The involvement of key stakeholder groups, in particular strategic decision-makers for infection prevention and control in the hospital, was an important factor in the feasibility and overall success of the implementation. The site research team responsible for recruitment, training, and implementation were also heavily involved in the design and management of the study, which facilitated a feasible, flexible, and responsive approach and was crucial for obtaining approvals quickly. Regular meetings between the project team and the industry partner were helpful in providing early access to samples of the product and to findings from a simulation study, which facilitated the development of the training and implementation plan.

The junior doctors who conducted observations were all carrying out clinical duties in one of the clinical areas participating in the study. Importantly, this provided an essential link to the implementation environment for the social scientists within the team, who were unable to attend the project site because of COVID-19 restrictions. It was invaluable to have team members with direct experience and knowledge of the clinical environments and challenges being faced in the hospital helping to direct data collection and facilitate access. The fact they were already based on site meant no research passports or honorary contracts were required, making the approvals process simpler.

The junior doctors were also involved in conducting qualitative interviews, which doubled the size of the interviewing team and made it possible to undertake a much larger number of interviews in the short space of time available and flexibly accommodate the schedules of busy participants. We also found the combination of academic and clinical researchers in the team introduced different perspectives and interviewing techniques that complemented each other and strengthened the research. The experienced qualitative researchers tended to be more exploratory during interviews, and more likely to notice and explore wider themes, whereas the doctors were quickly able to elicit clear, relevant information from interviewees and recognise productive avenues to probe further because of their familiarity with the field. It was also very useful to have these different, complementary perspectives contributing to the analysis discussions and member checking, with the qualitative researchers being able to synthesise ideas and generate themes quickly and the doctors being well placed to make sense of the findings in context and to offer alternative explanations for observed patterns in the data.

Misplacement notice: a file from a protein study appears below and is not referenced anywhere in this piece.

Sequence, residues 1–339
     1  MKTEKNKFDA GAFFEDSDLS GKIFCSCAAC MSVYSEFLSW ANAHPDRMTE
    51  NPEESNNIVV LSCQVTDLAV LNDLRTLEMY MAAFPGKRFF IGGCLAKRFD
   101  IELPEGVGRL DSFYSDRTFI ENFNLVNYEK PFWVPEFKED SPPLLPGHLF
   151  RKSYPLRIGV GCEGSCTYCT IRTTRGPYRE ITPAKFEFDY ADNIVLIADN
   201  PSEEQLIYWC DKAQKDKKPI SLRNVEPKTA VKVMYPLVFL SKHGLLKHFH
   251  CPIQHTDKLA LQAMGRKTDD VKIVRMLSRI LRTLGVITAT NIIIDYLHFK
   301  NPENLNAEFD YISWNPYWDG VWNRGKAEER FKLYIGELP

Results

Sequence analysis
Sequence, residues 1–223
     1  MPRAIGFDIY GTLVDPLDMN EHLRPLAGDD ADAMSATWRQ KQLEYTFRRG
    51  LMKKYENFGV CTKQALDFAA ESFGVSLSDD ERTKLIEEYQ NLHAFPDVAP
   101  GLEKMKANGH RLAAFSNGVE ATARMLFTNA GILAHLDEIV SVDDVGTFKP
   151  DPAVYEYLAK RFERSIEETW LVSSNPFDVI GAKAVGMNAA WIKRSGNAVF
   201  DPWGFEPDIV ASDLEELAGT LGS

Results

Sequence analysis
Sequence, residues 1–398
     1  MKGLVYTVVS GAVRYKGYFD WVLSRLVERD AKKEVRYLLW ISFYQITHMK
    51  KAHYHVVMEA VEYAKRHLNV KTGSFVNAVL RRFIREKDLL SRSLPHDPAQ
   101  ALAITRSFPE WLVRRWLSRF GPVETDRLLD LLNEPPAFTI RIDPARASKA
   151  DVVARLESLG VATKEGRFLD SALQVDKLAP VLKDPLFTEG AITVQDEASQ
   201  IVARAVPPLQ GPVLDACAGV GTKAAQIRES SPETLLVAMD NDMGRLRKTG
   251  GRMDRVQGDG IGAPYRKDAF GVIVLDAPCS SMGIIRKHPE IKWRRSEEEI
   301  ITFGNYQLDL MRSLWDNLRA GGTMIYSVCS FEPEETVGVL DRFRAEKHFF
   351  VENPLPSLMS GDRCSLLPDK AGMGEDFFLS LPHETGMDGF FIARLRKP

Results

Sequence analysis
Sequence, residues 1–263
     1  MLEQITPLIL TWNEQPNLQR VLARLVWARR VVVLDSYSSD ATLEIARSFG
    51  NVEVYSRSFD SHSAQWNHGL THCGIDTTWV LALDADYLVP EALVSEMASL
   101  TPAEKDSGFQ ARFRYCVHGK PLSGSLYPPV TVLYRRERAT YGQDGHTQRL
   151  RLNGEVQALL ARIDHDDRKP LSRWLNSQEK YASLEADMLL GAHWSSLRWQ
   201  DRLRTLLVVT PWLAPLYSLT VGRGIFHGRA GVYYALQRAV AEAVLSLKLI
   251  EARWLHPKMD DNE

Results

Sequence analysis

There were also benefits for the doctors for their own professional development. They gained training and experience in qualitative research methods and found this helped them adapt their approach to interviews, which was usually fairly rigid as a result of medical history taking that is normally quickfire and specific rather than semi-structured and exploratory. There is rarely the opportunity to participate in this type of research during medical training and it will be a beneficial skill in their future practice, especially with the modern clinical research focus on patient-reported outcomes. Gaining experience of a multi-disciplinary team at work and being involved in study group meetings was also valuable experience as this is not something the trainees are necessarily exposed to in their NHS roles. Although the time demands of the rapid study were challenging, the rapid timescales also facilitated their involvement, as it meant they were able to experience the whole research process, from design and planning to fieldwork, analysis, and reporting. Because of short clinical placements, this might not have been practical in a longer study.